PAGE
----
There has been a clamour against India’s inflation targeting framework in recent months. Many of the proposals made will take India back many decades, and restore high and volatile inflation.
There are always trade-offs related to any policy. There are always those who gain and those who lose. For example, those with salaries and those who depend on savings such as pensioners will suffer when inflation is high. Personal financial planning would break down with high inflation, and everyone over age 50 would be adversely affected.
However, high inflation is good for those who borrow, as their repayments will be lower in real terms. Inflation is often bad for the poor. For many decades, price rise was an important issue in India’s electoral politics . Many elections were won or lost based on the issue of price rise.
The unhappiness with the inflation targeting regime stems primarily from those who feel that ever since the inflation targeting framework has been put in place, the Reserve Bank of India does not cut rates easily or as much as they would like to see. This is interpreted as the RBI not giving growth as much importance as inflation. It is felt that if we don’t have an inflation target, interest rates would have been lower. It is believed that higher inflation would support or enable higher growth.
Another corner which criticises the inflation targeting regime is industry. Private firms always wants lower interest rates, no matter what. Even if there is high inflation, high credit growth, and the economy is overheating, one never hears private firms or their lobbyists say that interest rates should be raised.
Interest rates and inflation rate
Let us look at the trajectory of interest rates in the period in which India adopted the inflation targeting regime.
Figure 1 shows that the policy interest rate has been cut sharply since India adopted the inflation targeting regime. This does not suggest that under the inflation targeting system, there has been an upsurge of high rates, or an aversion to cutting rates in response to the economic difficulties that have been visible in recent years.
Figure 2 shows the inflation rate based on the Consumer Price Index, which is the target measure of inflation in India. The inflation rate has come down sharply from the high and volatile rate earlier to a far lower and more stable rate after the adoption of the inflation targeting regime.
We now turn to the proposals that people have made. The first proposal is to abandon inflation targeting altogether. In other words, let the inflation rate be whatever it might be and not be anchored at all. It could be 10 per cent, even 15 per cent, or it could fluctuate between 7-10 per cent, as it was doing in the mid-1990s and early 2000s. There would be no Monetary Policy Committee and the RBI would choose the inflation rate and choose how much money to print. Or maybe it would not have inflation as an objective at all. It is not clear what these commentators have in mind and whether they prefer high inflation, or they think it will happen on its own.
For those who approach this question from the point of view of lower interest rates, there is another issue. What matters for the cost of investment is real interest rates — the nominal rate minus expected inflation. By making real interest rates low through high inflation, they may still not get higher investment and output they are looking for. Uncertainty in costs, in output prices and in profits actually affects investment adversely. Uncertainty may prove to be far worse for investment than relatively higher real interest rates.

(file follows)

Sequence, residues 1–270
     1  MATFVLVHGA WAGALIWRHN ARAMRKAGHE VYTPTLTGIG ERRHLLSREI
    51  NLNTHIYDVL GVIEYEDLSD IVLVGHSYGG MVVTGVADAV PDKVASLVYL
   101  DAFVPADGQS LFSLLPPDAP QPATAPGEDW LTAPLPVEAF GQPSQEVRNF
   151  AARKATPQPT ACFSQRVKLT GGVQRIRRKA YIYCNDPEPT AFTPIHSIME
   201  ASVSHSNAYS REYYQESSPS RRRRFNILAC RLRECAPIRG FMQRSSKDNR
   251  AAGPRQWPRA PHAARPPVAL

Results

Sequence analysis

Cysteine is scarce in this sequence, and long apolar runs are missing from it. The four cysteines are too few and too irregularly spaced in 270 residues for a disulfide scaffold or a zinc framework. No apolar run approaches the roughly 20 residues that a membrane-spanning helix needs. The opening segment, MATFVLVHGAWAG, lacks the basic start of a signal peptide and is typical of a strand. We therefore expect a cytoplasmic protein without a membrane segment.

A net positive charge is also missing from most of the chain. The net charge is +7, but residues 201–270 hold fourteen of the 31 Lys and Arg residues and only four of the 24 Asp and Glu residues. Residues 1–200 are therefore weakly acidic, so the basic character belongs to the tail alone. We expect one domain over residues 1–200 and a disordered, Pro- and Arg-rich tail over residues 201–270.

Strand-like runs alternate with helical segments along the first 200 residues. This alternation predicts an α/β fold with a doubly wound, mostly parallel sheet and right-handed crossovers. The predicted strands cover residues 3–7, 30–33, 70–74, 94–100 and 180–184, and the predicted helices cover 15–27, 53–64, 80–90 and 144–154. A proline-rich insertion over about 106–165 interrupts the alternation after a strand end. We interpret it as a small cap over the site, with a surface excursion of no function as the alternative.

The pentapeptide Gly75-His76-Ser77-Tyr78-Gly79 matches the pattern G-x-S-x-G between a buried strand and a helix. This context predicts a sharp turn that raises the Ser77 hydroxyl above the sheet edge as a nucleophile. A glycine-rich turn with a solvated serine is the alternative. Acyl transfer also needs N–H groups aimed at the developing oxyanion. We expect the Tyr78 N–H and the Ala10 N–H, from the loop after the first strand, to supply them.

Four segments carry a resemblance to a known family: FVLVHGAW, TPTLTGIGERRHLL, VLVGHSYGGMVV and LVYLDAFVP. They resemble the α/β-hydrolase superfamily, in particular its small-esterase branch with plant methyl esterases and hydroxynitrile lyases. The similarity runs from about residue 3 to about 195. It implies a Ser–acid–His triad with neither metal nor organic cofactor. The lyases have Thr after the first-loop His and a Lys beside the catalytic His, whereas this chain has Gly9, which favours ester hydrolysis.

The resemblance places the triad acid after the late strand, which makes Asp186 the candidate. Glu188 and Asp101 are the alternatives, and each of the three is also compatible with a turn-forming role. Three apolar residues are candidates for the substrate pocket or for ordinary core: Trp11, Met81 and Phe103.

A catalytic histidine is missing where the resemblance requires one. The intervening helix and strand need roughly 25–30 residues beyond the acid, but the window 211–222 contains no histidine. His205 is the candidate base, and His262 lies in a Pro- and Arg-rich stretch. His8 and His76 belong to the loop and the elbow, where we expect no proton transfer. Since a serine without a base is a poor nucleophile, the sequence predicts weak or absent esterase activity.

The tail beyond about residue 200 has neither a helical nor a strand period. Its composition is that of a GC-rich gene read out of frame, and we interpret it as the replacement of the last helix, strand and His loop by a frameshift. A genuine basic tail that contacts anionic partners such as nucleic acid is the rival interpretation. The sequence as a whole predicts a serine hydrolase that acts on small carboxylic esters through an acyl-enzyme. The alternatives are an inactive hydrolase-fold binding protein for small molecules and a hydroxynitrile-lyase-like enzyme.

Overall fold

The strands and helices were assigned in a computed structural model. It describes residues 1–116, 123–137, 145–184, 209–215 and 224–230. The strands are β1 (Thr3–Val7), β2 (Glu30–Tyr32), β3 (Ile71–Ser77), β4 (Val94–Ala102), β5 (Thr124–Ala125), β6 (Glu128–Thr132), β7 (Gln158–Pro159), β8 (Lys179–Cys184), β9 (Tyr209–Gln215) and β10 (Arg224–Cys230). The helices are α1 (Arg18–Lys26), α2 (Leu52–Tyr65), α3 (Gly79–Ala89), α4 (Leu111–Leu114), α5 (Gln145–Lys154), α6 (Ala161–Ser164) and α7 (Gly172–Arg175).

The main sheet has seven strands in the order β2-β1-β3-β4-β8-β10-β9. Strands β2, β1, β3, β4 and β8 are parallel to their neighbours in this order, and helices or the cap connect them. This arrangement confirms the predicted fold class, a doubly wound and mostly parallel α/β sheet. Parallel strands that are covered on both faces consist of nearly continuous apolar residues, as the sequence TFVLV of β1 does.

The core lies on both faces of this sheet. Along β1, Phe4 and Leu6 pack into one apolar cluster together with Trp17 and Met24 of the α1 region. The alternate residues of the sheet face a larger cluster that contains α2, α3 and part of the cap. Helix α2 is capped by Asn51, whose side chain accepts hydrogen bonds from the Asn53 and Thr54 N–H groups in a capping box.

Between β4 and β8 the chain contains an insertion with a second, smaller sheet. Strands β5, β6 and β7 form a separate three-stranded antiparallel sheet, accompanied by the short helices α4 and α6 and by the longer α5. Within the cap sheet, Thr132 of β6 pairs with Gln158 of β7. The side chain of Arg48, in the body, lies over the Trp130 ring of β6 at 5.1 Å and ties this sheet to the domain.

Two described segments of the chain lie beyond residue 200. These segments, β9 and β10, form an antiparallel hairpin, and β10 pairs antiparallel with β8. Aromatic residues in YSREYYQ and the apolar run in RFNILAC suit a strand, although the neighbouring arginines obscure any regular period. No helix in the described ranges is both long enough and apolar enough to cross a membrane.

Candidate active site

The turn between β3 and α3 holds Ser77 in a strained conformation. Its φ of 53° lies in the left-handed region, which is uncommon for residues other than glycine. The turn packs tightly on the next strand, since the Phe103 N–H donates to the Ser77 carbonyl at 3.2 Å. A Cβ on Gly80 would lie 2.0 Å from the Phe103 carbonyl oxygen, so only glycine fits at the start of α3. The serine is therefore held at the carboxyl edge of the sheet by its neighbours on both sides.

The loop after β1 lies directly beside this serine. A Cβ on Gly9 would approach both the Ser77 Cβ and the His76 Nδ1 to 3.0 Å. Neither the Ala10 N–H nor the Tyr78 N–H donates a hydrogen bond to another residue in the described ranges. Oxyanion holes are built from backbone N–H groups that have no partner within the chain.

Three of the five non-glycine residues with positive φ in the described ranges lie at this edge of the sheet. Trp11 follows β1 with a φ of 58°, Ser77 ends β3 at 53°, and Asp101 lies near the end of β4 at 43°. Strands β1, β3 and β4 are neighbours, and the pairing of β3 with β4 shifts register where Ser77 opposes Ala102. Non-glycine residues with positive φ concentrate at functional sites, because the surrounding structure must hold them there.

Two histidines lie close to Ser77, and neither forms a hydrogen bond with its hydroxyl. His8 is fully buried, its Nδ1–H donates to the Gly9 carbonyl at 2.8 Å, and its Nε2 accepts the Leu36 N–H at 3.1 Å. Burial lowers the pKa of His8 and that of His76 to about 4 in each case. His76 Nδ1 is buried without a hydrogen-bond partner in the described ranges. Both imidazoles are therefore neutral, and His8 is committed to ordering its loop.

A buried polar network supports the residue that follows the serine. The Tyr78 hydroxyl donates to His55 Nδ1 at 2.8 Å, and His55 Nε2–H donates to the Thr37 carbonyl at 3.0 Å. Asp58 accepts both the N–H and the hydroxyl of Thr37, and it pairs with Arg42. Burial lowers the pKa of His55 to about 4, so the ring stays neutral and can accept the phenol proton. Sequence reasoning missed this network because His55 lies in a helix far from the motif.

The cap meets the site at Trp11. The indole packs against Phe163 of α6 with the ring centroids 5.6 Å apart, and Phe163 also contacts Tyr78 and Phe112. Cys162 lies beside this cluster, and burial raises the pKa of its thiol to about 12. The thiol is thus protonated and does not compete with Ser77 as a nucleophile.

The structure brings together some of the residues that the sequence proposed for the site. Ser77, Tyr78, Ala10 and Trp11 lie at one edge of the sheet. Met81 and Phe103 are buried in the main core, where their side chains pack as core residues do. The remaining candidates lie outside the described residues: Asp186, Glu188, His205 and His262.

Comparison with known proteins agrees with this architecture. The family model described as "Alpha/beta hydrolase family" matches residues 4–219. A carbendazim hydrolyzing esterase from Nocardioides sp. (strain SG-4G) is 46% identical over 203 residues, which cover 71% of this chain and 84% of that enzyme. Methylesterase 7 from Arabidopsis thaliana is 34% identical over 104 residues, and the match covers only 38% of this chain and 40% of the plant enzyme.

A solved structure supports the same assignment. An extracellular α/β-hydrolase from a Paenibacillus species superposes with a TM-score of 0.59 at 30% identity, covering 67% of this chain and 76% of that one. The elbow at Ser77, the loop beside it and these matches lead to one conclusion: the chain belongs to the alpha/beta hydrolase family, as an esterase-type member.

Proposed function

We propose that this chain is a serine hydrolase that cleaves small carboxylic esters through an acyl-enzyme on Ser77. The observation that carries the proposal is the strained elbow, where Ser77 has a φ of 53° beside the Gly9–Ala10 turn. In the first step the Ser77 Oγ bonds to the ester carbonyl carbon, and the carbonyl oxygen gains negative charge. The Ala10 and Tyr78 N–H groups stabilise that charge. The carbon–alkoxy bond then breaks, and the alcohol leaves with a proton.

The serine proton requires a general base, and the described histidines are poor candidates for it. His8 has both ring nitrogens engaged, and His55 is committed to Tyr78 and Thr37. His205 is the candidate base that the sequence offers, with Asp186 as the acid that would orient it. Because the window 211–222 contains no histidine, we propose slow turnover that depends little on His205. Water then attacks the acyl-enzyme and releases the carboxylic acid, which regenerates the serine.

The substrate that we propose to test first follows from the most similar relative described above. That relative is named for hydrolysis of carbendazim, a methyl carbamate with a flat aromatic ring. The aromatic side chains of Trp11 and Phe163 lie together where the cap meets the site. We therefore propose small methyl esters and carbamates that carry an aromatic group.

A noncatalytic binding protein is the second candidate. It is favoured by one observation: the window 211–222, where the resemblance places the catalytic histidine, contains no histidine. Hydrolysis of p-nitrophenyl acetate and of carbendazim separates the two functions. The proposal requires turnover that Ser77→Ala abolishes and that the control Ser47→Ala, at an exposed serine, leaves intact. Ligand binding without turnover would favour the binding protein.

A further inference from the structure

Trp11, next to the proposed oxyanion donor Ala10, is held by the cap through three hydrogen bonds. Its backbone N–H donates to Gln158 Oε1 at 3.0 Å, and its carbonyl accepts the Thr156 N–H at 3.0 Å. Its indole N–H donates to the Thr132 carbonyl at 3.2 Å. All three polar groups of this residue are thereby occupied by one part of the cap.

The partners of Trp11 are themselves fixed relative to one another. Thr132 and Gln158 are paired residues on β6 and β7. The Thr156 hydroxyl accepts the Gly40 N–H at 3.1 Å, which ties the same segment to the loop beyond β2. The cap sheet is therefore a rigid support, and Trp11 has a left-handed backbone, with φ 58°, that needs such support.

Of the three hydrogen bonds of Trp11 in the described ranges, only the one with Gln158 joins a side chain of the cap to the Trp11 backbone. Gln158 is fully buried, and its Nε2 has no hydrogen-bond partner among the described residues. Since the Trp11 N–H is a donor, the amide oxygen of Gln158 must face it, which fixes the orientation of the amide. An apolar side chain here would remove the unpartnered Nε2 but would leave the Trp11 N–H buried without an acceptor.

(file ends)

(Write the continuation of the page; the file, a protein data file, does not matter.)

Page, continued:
A third proposal is to add fiscal priorities for capital spending into the inflation targeting framework. This is problematic in terms of institutional arrangements. The reason why the budget is placed under the control of Parliament is that capital versus current spending choices are made by elected representatives of the people. We economists may disagree, but the meaning of being a democracy is that you have to win elections in order to vote on decisions about taxation or public expenditure.
Another set of economists have proposed targeting the nominal GDP. Let us remember that nominal GDP can be increased by increasing prices. So, it is not surprising that this is not a popular framework anywhere. In addition, GDP measurement in India faces considerable difficulties. It will be many years before sound GDP measurement is in place, and until that is done, nominal GDP is not a credible alternative for the design of monetary policy institutions.
The RBI Act requires that next year, it will be time for the government to review the inflation target. We discussed in a recent study how the government is required to choose the target. Contrary to loose claims that are being made, there is no requirement in the 2016 law that the framework should be reviewed.
One of Modi govt’s defining achievements
In 1934, the RBI was envisaged by our colonial masters as a ‘temporary’ measure. In 2016, for the first time, when inflation targeting was brought in, these words were removed from the preamble of the RBI Act.
Inflation targeting is a historic milestone in India’s institutional maturation, and is one of the defining achievements of the Narendra Modi government. The reform has served India well; for the first time in history, high and volatile inflation is not a significant threat.
We need to deepen our institutional capabilities in making the framework better, not clamour to undermine the reform.
Ila Patnaik is an economist and a professor at National Institute of Public Finance and Policy.
Views are personal.
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